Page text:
func findLinks(links []string, n *html.Node) []string {
	// We check that our HTML node is of type html.ElementNode and that
	// our HTML node's data (tag) is a link ("a").
	if n.Type == html.ElementNode && n.Data == "a" {
		// Then, we range over the attributes of our node and when we find
		// and "href" attribute we append its value to our links slice which
		// later will be returned.
		for _, a := range n.Attr {
			if a.Key == "href" {
				links = append(links, a.Val)
			}
		}
	}

	// Here we are basically ranging over our nodes and calling
	// our function recursively.
	for c := n.FirstChild; c != nil; c = c.NextSibling {
		links = findLinks(links, c)
	}

	// When we are over looping, we simply return all the links found.
	return links
}

When we are parsing our response’s body we are getting a tree. There are ancestors, descendants, parents and childrens. But trees have a complication, it is not as easy to iterate over all its elements as it would be for example in a slice or in a linked list. That’s why we are using recursions instead of a for loop.

If you want learn more about the golang.org/x/net/html or about the html.Parse function you can check the package documentation here. Also, the ‘findLinks’ function is mainly extracted from the code examples of the gopl book. Book that by the way, I recommend.

Formatting our URLs

Now that we have our links, it’s time to make sure they’re well formatted so we don’t get false negatives. To format them, we are going to follow the following rules:

  • If the link is /, we’re going to change it to our base URL.
  • If the link is something like /about, we’re going to prepend our base URL.
  • If the links is an anchor like /#social we’re going to prepend our base URL.

To do this, we’re going to create a function called formatURL:

// formatURL receive our base URL and the link that
// we want to format.
func formatURL(base, url string) string {
	base = strings.TrimSuffix(base, "/")

  // As you can see, we are applying the rules
  // we have defined above to parse our links.

	switch {
	case strings.HasPrefix(url, "/"):
		return base + url
	case strings.HasPrefix(url, "#"):
		return base + "/" + url
	case !strings.HasPrefix(url, "http"):
		return "https://" + url
	default:
		return url
	}
}

Now it’s time to check that each link works. For this we’re going to make an HTTP GET request and we’re going to print the received status code next to the link in question:

package main

import (
	"fmt"
	"log"
	"net/http"
	"os"
	"strings"

	"golang.org/x/net/html"
)

func main() {
	if len(os.Args) <= 1 {
		log.Printf("not enough arguments provided")
		os.Exit(1)
	}

	url := os.Args[1]
	url = "https://" + url // We "parse" our URL.

	req, err := http.NewRequest(http.MethodGet, url, nil)
	if err != nil {
		log.Printf("while creating a new request for %q: %v", url, err)
		os.Exit(1)
	}

	client := &http.Client{}
	resp, err := client.Do(req)
	if err != nil {
		log.Printf("while making request to %q: %v", url, err)
		os.Exit(1)
	}
	defer resp.Body.Close()

	if resp.StatusCode != http.StatusOK {
		log.Printf("response status is not %v", http.StatusOK)
		os.Exit(1)
	}

	doc, err := html.Parse(resp.Body)
	if err != nil {
		log.Printf("while parsing the response body from %q: %v", url, err)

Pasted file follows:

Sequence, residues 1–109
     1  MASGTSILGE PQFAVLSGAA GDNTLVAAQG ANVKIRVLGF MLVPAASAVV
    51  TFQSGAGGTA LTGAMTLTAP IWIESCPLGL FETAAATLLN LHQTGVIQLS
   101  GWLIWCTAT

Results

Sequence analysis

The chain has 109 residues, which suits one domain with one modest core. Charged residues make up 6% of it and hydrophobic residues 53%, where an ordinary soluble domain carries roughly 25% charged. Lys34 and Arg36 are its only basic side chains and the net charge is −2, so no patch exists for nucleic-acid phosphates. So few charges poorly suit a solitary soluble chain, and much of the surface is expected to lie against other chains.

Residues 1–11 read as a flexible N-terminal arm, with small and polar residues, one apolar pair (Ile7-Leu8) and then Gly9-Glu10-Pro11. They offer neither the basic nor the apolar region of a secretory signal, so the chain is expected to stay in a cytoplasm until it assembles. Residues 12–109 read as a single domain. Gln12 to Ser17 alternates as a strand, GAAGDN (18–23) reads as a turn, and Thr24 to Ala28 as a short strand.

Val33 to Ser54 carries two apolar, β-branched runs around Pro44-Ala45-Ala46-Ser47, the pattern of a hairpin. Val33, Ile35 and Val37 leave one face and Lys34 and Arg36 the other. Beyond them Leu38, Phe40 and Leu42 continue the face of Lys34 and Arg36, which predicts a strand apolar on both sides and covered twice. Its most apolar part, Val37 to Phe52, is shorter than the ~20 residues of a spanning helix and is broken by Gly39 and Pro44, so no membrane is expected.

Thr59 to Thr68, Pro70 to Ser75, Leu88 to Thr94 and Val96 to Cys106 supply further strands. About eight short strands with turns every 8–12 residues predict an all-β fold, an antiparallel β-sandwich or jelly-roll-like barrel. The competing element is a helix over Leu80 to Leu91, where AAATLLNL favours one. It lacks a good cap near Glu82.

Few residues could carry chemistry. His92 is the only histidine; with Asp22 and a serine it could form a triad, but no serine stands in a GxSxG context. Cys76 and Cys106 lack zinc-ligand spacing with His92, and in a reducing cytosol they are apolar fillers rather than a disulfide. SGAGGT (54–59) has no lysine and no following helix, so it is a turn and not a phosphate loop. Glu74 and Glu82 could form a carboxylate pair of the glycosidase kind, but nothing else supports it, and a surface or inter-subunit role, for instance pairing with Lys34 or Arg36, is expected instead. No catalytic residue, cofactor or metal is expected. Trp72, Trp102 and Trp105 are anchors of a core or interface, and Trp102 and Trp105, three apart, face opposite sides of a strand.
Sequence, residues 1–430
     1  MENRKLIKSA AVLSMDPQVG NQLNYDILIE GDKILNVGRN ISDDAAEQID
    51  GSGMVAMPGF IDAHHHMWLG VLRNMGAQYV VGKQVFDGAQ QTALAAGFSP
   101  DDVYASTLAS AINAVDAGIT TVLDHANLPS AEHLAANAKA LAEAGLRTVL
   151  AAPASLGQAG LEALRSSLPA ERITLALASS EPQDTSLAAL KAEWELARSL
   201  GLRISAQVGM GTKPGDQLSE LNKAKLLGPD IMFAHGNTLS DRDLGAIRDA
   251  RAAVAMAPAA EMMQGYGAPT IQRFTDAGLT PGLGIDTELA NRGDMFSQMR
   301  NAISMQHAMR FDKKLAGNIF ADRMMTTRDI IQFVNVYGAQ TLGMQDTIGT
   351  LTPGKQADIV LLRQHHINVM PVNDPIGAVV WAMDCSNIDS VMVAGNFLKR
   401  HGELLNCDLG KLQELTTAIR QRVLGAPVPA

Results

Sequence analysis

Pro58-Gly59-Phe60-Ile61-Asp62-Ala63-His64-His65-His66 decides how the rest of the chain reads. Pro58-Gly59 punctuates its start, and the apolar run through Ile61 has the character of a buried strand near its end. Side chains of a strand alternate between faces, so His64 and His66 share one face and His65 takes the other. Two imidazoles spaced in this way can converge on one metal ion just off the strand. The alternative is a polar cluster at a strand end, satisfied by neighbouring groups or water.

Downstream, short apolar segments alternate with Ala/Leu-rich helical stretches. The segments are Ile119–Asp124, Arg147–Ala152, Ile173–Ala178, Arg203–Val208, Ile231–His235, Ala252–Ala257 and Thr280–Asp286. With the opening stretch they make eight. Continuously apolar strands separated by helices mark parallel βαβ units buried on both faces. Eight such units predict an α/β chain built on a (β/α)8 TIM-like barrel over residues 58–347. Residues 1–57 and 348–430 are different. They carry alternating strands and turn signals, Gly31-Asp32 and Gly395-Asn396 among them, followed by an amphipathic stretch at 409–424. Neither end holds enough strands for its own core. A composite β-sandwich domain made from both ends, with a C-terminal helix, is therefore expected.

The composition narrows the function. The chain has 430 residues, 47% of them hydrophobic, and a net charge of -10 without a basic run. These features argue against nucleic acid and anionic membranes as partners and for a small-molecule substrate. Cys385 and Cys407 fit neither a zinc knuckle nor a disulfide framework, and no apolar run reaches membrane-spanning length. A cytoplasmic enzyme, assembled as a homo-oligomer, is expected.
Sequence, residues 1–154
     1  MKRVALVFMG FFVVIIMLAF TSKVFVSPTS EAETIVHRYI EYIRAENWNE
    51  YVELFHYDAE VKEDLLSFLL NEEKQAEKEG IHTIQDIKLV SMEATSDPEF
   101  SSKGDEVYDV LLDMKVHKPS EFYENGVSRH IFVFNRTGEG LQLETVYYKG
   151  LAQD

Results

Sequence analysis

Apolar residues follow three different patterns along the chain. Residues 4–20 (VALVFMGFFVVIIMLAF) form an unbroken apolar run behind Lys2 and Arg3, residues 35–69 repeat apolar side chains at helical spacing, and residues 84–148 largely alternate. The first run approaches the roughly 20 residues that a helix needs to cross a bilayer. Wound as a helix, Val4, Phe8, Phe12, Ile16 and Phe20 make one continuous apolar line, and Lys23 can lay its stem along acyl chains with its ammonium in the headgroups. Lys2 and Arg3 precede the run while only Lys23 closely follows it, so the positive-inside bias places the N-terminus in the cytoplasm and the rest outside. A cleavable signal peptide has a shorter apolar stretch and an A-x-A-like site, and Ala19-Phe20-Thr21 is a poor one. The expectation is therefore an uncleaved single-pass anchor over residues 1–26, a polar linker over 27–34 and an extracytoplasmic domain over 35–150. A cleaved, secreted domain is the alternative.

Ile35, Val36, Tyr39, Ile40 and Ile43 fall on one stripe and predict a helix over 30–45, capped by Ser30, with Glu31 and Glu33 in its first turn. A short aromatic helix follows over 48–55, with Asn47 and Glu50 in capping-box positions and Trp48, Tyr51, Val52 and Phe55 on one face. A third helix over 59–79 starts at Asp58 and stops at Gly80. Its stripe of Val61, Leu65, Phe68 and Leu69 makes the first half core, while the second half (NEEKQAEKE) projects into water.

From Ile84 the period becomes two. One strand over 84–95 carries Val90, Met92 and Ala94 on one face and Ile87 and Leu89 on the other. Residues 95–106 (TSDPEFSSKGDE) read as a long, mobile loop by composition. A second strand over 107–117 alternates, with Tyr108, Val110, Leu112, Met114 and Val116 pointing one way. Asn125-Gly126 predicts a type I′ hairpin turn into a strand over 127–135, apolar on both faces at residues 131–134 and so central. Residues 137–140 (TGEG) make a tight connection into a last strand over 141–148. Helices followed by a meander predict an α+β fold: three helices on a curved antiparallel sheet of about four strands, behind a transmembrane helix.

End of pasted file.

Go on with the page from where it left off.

os.Exit(1)
	}

	links := findLinks(nil, doc)

	for _, l := range links {
		fl := formatURL(url, l) // Our formatted link
		req, err := http.NewRequest(http.MethodGet, fl, nil)
		if err != nil {
			log.Printf("while creating a new request for %q: %v", fl, err)
			continue
		}

		resp, err := client.Do(req)
		if err != nil {
			log.Printf("while making request to %q: %v", fl, err)
			continue
		}
		resp.Body.Close()

		fmt.Println(resp.StatusCode, fl)
	}
}

You can grab and refactor all the code inside the for loop in a function called check, for example. In this case I won’t do it for the sake of brevity.

Our final code

Our final code should look something like:

package main

import (
	"fmt"
	"log"
	"net/http"
	"os"
	"strings"

	"golang.org/x/net/html"
)

func main() {
	if len(os.Args) <= 1 {
		log.Printf("not enough arguments provided")
		os.Exit(1)
	}

	url := os.Args[1]
	url = "https://" + url // We "parse" our URL.

	req, err := http.NewRequest(http.MethodGet, url, nil)
	if err != nil {
		log.Printf("while creating a new request for %q: %v", url, err)
		os.Exit(1)
	}

	client := &http.Client{}
	resp, err := client.Do(req)
	if err != nil {
		log.Printf("while making request to %q: %v", url, err)
		os.Exit(1)
	}
	defer resp.Body.Close()

	if resp.StatusCode != http.StatusOK {
		log.Printf("response status is not %v", http.StatusOK)
		os.Exit(1)
	}

	doc, err := html.Parse(resp.Body)
	if err != nil {
		log.Printf("while parsing the response body from %q: %v", url, err)
		os.Exit(1)
	}

	links := findLinks(nil, doc)

	for _, l := range links {
		fl := formatURL(url, l) // Our formatted link
		req, err := http.NewRequest(http.MethodGet, fl, nil)
		if err != nil {
			log.Printf("while creating a new request for %q: %v", fl, err)
			continue
		}

		resp, err := client.Do(req)
		if err != nil {
			log.Printf("while making request to %q: %v", fl, err)
			continue
		}
		defer resp.Body.Close()

		fmt.Println(resp.StatusCode, fl)
	}
}

func findLinks(links []string, n *html.Node) []string {
	if n.Type == html.ElementNode && n.Data == "a" {
		for _, a := range n.Attr {
			if a.Key == "href" {
				links = append(links, a.Val)
			}
		}
	}

	for c := n.FirstChild; c != nil; c = c.NextSibling {
		links = findLinks(links, c)
	}

	return links
}

func formatURL(base, url string) string {
	base = strings.TrimSuffix(base, "/")

	switch {
	case strings.HasPrefix(url, "/"):
		return base + url
	case strings.HasPrefix(url, "#"):
		return base + "/" + url
	case !strings.HasPrefix(url, "http"):
		return "https://" + url
	default:
		return url
	}
}

Optional steps

The code in this post has many aspects that you can improve, for example:

  • Concurrency.
  • Tests.
  • Better error handling.

In future posts I’ll talk about the three previous points but if you want to improve the code already, you can just get on with it.